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Money Market Reform: All Eyes Are on the SEC

On Wednesday July 23, 2014, the SEC plans to adopt a final rule implementing changes in the regulation of money market funds (“MMFs”).  The SEC issued its proposed rule in June 2013, but it was grossly inadequate to address the systemic stability risks posed by MMFs.  Better Markets will be watching closely to see if, in the final rule, the SEC has strengthened its weak proposal enough to provide meaningful reform in the regulation of MMFs. In short, the actual content of the final rule is critically important, and it will have a huge impact on the stability of our financial markets in times of stress.

Why it’s so important.  The financial crisis of 2008 dramatically illustrated that MMFs are vulnerable to runs and pose significant systemic risks.  In the most compelling example—although not the only one—the Reserve Primary Fund broke the buck on September 19, 2008 due to losses on debt instruments issued by Lehman Brothers Holdings, Inc.  The ensuing run quickly spread throughout the prime MMF industry, causing immediate havoc in the short-term funding markets and triggering the beginning of a vicious cycle of asset fire sales, depressed prices, redemption requests, more asset fire sales, and rapidly evaporating liquidity.  The run stopped only after the Treasury and the Federal Reserve established a variety of facilities to support the then-$3.7 trillion MMF market as well as the credit markets frozen by the MMF crisis.

The SEC’s earlier proposals have been inadequate, to the point of prompting action by the FSOC.  The current regulatory framework applicable to MMFs is not adequate to address the types of known systemic risks presented by MMFs.  In 2010, the SEC issued some modest rules to require greater portfolio diversity and stress testing of fund assets against potential threats, but the effort to adopt more comprehensive reforms in 2012 stalled because three SEC Commissioners could not agree on what to do.  As a result, in November 2012, the FSOC took the unprecedented, but required step of issuing a proposed recommendation that the SEC adopt strong measures to reform the MMF industry in ways that would make their operations more transparent and much less prone to run risk.

The Pending SEC proposal is still inadequate.  In June 2013, the SEC proposed another set of MMF reforms, supposedly aimed at fully and finally addressing the risks associated with MMFs.  However, those proposals are still inadequate to ensure that MMFs do not spread massive instability throughout our financial system in times of market stress, as Better Markets detailed in its comment letter.  Essentially, the SEC proposal would provide for:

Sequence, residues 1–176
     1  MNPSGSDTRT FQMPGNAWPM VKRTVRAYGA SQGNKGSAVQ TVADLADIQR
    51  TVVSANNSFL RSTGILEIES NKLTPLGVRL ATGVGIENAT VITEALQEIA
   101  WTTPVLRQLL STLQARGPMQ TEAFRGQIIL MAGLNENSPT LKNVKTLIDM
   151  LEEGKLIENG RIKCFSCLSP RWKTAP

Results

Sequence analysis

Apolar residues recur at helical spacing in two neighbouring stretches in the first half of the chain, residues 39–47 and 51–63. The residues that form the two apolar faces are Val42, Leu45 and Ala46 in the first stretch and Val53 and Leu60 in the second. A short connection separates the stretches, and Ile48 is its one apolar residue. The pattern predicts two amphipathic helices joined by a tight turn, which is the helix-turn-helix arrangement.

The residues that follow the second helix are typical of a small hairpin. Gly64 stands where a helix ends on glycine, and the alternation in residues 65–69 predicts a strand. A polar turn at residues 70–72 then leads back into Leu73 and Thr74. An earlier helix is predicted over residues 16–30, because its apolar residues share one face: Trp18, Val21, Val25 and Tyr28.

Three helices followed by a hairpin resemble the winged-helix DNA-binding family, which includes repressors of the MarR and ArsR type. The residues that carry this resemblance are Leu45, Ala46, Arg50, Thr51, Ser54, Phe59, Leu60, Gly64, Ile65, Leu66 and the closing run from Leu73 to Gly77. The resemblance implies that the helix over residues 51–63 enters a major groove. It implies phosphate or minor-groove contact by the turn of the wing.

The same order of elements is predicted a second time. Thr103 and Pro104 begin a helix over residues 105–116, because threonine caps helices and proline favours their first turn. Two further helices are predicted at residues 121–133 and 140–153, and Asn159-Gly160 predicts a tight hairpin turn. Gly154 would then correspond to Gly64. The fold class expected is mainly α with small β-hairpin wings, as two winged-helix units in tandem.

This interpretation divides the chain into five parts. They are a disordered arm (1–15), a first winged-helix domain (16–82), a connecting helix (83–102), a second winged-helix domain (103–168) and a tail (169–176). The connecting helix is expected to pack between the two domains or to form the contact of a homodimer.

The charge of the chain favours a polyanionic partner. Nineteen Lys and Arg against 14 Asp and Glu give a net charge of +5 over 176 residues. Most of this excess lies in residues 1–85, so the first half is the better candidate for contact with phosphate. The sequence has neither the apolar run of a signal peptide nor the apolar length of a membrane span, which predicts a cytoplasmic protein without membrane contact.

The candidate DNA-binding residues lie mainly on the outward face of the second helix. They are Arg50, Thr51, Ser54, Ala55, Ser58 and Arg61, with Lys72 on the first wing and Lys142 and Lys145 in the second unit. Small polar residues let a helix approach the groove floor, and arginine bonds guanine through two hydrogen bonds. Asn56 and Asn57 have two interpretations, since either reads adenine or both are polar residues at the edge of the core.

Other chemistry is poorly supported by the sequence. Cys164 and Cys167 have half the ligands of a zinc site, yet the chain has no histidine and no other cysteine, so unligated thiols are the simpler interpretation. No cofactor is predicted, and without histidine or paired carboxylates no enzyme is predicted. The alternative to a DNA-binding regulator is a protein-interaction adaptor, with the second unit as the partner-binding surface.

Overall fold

• A floating the net asset value for each fund share—but not for retail or government MMFs, representing two-thirds of the MMF market.
  •  Liquidity fees and gates under certain circumstances—but only on a voluntary basis and not for government funds.  The proposed rule would permit a fund to impose a 2% redemption fee when weekly liquid assets fell below 15% of total assets.  However, a fund board could affirmatively vote not to impose a liquidity fee.  And, the proposed rule would permit—but not require—a fund board to suspend redemptions for a period of up to 30 days when weekly liquid assets fell below 15% of total assets.  Further, the SEC views these measures as alternatives to the floating NAV, although it recognizes that it might choose to impose both sets of reforms.
  • Capital buffers—are not part of the SEC proposal.
  • An assortment of diversification, disclosure, and stress testing measures—including stronger diversification requirements; disclosure of sponsor support; publication of an MMF’s daily and weekly liquid assets and market-based NAV on the MMF’s website; and enhanced stress testing requirements.

These measures are not only inadequate, but may well make things much worse by incentivizing institutional investors in MMFs to run faster and earlier to avoid the risk of fees and gates.  This would not only be bad for the increased systemic instability it would create, but it would also greatly disadvantage retail investors who would be left in the funds subject to the fees and gates.

What the SEC’s final rule must include.  Here’s a summary of what the SEC must actually require in its final rule to adequately prevent MMFs from again starting a run and destabilizing the entire financial system:

  • A floating NAV for all MMFs, which will likely greatly reduce the risk of runs and which will be more accurate, more transparent, and more fair to all investors;
  • A capital buffer that can absorb a significant level of fund losses, thus promoting stability, instilling investor confidence, and reducing the likelihood of damaging runs;
  • A mechanism for requiring liquidity fees when a fund is sufficiently stressed that its buffer is exhausted, to discourage further redemptions and to more fairly allocate the costs and risks associated with a loss of fund liquidity;
  • A system of required gates that can halt a vicious cycle of redemptions and asset fire sales when liquidity fees are inadequate; and
  • The full array of diversification, disclosure, and stress testing measures contained in the initial proposal, to maximize transparency, stability, and investor confidence in MMFs.

What’s next.  If the SEC fails to adopt these critical reforms, then the FSOC will have to step in again to ensure that the known run risk and systemic instability posed by MMFs are properly and fully addressed.  Otherwise, investors, markets, taxpayers, the financial system and our entire economy will remain at needless risk from this single product.

Helpful Resources.  Here are links to some of the key documents on this important issue.

 

 

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